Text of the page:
collecting DNA samples as part of clinical trials of new medicines
(eg Glaxo Wellcome). In one high profile case a US company (DNA
Sciences) has appealed directly to the public to donate their
samples and some personal medical information in order to establish
its own proprietorial genetic database.
8. It is notable that many sample collections
previously developed over long periods of time as part of the
routine work of academic researchers and clinicians have acquired
a new and significant commercial value by the development of genotyping
technology and association genetics. As a result, there have been
unsubstantiated reports of UK public sector researchers being
approached by foreign biotechnology companies to sell their sample
collections. It should also be stressed that whilst these publicly
funded collections generally remain in the public sector, the
databases built from them are proprietorial. This raises questions
about the economic and social return that might be expected from
the "for profit" use of resources derived from voluntary
9. In many cases public sample collections
have provided the basis for the creation of new genomics companies.
For example, in the UK some of the resources developed at the
Wellcome Trust Centre for Human Genetics at the University of
Oxford were important for the creation of the firm Oxagen. In
Iceland deCODE Genetics was established to exploit samples and
personal medical information held in the Icelandic healthcare
system. Exclusive access to the internationally recognised Framingham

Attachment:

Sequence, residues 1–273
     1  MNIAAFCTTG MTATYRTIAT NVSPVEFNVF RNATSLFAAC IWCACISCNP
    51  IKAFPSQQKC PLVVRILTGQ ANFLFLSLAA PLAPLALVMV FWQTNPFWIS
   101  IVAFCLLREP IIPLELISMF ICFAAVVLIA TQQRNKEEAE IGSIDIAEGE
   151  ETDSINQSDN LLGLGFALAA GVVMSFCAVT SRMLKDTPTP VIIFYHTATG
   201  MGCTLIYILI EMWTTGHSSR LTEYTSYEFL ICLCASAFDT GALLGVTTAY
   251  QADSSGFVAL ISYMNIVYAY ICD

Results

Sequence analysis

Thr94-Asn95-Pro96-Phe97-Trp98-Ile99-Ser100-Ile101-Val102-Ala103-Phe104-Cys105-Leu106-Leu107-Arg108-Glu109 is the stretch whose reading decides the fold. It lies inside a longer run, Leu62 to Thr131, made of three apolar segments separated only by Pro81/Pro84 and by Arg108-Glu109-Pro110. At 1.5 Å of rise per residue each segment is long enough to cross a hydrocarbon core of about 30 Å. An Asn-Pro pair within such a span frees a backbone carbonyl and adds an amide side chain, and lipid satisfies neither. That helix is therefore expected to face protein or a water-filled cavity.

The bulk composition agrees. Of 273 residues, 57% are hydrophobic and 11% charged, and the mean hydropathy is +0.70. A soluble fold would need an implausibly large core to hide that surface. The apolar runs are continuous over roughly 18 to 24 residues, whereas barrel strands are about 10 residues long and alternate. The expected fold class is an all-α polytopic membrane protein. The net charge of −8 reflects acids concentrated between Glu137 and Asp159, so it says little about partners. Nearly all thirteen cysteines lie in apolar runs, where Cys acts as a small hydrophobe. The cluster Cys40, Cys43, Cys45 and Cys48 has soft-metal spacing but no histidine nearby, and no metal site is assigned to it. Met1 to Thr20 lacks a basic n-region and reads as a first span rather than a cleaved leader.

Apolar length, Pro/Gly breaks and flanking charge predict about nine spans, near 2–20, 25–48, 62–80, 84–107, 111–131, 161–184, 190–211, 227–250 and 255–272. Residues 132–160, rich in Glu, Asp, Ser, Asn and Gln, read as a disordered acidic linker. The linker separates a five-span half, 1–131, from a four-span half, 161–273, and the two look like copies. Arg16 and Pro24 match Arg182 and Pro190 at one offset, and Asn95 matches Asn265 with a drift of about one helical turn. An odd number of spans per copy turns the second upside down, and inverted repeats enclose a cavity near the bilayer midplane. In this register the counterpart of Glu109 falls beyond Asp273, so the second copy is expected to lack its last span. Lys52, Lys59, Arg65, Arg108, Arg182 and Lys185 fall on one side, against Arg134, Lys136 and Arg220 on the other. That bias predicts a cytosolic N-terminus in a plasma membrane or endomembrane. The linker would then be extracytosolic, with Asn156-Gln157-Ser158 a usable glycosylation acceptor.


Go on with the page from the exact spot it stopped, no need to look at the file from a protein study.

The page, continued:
study into heart disease in Boston (USA) provided the commercial
foundation for the formation of Framingham Genomic Medicine.
10. The Framingham case, in particular,
has raised important questions about academic conflicts of interest.
For example, to what extent can research resources built-up over
decades using public funds, and based on biological samples and
personal information donated by research participants, be exploited
for profit? Can the academic custodians of these resources financially
benefit from their commercialisation? Who ultimately owns the
data generated from such collections?
11. In all cases the companies creating
human genetic databases require the integration of genotype data
gathered from biological sample with personal medical information.
This is a key point, which many policy discussions have overlooked,
as it is in practice not possible to neatly separate the use of
biological sample collections from the use of personal medical
information. Inherent in the process of creating human genetic
databases for association genetic studies is the integration of
both types of data. Public policy issues regarding the commercial
use of personal medical information are therefore central to any
discussion of this area.
12. Another key distinction which needs
to be clearly established in analysing the issues raised by the
development of human genetic databases concerns the extent to
which data derived from biological samples and medical records
is truly anonymous. The US National Bioethics Commission in its
consideration of the use of biological samples in genetic research
has made three distinctions: 1. Samples where the donor is clearly
identified; 2. Samples which are coded or "anonymised"
and where the donor can in principle still be identified; and
3. Samples stripped of all identifiers and which are truly anonymous.
A similar set of distinctions can also be made regarding the use
of personal medical information. The ethical and legal issues